Chris has had a huge amount of abuse for speaking out on these issues—from dead animals tied to the door of his house, to death threats and so on. Whenever I speak about shooting issues, I get abuse on social media. There was a guy who sent me pictures of bacon sandwiches and spare ribs every day for 11 days—he got bored because I was not paying any attention to him. It does get quite nasty, and Chris has been on the receiving end of a lot of that, which I think is very unfortunate. He has done brilliant work with young naturalists, particularly those from neurodivergent backgrounds, and I pay tribute to him for that.

In the interview—as I said, the transcript is available—Chris started by talking about the fact that we are now facing dual climate and ecological emergencies. People are increasingly worried about what he describes as catastrophic biodiversity loss, and driven grouse shooting produces a very unhealthy landscape. That is the background context to the concerns. I asked him what he thought of the Government response—when the petition gets to 10,000 signatures, there is a brief written Government response—and he said he would be polite, but then he described it as “pathetic and derisory” and said it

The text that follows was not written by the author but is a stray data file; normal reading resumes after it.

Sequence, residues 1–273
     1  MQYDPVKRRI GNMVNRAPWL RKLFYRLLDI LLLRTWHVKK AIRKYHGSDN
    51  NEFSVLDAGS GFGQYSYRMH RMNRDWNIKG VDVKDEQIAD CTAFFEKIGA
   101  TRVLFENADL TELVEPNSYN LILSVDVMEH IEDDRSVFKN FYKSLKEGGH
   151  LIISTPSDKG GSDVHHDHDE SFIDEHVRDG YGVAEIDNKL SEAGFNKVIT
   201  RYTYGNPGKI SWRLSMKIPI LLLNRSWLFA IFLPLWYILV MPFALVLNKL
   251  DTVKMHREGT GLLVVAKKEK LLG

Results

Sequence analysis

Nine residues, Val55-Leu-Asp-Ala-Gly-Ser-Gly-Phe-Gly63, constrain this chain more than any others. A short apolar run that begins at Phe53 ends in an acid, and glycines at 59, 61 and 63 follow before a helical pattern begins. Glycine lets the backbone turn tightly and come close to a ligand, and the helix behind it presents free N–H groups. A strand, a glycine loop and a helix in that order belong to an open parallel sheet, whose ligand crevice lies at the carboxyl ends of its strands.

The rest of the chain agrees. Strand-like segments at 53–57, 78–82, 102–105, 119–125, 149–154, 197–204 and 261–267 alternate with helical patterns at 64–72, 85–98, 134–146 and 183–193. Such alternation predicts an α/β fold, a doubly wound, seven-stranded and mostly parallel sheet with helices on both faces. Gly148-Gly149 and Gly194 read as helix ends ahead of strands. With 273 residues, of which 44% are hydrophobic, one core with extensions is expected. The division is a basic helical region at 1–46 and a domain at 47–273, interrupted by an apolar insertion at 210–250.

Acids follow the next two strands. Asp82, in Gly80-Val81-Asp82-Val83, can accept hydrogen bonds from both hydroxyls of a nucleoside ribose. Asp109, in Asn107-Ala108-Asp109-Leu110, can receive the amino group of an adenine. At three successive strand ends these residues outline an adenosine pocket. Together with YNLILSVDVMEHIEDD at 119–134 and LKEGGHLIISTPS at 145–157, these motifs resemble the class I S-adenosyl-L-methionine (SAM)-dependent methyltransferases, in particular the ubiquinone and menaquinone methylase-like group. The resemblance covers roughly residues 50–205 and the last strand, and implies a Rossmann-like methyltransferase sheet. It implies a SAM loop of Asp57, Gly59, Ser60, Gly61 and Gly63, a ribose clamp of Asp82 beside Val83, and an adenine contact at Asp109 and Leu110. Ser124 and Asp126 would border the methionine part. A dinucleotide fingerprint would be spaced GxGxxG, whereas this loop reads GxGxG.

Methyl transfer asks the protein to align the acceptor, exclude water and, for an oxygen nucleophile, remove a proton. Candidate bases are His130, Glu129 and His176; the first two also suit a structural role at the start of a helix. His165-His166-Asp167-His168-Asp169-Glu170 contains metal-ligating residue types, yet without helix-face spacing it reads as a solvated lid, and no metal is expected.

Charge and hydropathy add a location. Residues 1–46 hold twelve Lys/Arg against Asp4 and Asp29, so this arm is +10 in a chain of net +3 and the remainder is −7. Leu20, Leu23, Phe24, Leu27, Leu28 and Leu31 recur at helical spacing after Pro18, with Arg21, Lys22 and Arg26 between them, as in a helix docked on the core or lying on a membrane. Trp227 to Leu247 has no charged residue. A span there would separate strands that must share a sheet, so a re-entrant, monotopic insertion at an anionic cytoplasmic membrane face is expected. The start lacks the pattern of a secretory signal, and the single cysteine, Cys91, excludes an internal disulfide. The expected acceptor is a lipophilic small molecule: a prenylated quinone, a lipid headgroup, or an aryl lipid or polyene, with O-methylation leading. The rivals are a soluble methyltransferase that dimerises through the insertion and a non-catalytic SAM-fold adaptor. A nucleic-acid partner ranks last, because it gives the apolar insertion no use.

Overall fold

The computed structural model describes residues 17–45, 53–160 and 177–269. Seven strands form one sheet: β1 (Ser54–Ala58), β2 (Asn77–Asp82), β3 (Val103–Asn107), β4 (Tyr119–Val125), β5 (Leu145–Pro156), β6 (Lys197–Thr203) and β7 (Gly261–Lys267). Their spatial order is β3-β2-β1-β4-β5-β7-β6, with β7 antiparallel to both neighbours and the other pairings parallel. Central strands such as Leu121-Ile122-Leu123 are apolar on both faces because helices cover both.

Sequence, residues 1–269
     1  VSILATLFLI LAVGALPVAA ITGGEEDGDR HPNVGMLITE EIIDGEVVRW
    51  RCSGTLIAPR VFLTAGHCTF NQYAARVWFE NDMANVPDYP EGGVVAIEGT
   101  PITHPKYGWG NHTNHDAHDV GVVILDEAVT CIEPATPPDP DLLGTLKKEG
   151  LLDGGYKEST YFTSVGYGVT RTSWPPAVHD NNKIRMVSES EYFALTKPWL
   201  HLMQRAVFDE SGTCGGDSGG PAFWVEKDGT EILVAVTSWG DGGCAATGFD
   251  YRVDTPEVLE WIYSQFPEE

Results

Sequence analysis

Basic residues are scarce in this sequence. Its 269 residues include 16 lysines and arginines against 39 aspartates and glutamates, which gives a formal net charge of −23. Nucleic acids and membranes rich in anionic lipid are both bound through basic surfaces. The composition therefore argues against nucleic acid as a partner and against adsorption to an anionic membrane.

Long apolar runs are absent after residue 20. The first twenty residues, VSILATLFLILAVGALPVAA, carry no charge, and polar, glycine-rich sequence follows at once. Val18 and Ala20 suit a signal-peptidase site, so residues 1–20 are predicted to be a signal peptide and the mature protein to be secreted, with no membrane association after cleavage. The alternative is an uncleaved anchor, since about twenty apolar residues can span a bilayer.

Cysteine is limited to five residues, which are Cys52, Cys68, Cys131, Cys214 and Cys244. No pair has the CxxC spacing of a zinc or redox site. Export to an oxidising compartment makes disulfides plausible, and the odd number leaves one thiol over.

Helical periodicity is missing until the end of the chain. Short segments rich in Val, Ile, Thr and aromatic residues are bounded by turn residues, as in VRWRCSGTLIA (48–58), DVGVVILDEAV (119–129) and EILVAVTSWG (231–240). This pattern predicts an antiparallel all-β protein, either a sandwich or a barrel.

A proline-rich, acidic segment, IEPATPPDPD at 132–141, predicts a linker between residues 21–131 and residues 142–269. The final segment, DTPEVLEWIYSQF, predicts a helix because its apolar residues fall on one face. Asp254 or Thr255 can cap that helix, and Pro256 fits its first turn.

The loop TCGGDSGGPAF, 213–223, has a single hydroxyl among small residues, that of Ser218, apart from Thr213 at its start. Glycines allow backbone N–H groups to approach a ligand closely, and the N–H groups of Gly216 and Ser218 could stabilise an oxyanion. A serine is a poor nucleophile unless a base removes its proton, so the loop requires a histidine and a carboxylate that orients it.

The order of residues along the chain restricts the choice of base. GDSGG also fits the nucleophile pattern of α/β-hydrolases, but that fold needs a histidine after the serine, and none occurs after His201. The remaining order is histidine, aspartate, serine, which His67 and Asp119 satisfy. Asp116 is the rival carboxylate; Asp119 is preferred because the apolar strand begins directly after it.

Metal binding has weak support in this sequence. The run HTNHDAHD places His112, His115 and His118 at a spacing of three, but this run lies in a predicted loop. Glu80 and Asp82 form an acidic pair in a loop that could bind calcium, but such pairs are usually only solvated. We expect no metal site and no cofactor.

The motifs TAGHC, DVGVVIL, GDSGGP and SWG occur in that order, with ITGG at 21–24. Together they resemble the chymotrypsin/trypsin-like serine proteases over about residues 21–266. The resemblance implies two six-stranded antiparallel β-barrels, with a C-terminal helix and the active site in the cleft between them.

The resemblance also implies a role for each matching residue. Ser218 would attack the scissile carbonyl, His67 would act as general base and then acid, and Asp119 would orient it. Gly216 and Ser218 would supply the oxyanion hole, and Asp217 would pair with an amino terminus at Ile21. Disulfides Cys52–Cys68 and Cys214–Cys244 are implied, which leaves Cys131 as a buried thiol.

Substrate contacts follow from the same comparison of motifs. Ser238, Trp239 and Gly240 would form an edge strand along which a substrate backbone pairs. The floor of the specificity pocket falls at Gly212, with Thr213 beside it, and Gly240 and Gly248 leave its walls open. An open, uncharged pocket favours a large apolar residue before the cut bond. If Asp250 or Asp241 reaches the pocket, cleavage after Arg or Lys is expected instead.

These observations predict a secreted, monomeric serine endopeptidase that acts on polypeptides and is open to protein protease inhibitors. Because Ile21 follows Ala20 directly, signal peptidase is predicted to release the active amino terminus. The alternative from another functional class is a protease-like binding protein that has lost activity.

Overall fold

“showed a depth of ignorance and wilful blindness that we didn’t want or expect.”

If that is him being polite, I would love to see what he really thinks.

In the written response, he said, “At least the Government acknowledges the importance of the peatlands and moorlands habitat. Our uplands have 75% of the world’s remaining moorland and about 13% of the world’s blanket bog.” People do not actually realise how unusual the UK is in having that as a natural resource, and we should be managing this precious habitat not for the dubious benefits of grouse shooting, but in the interests of biodiversity and ecosystem services—as valuable carbon sinks, offering flood protection and so on.

Robert Goodwill Portrait Mr Robert Goodwill (Scarborough and Whitby) (Con)
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Does the hon. Lady agree that those two are not mutually exclusive?

Kerry McCarthy Portrait Kerry McCarthy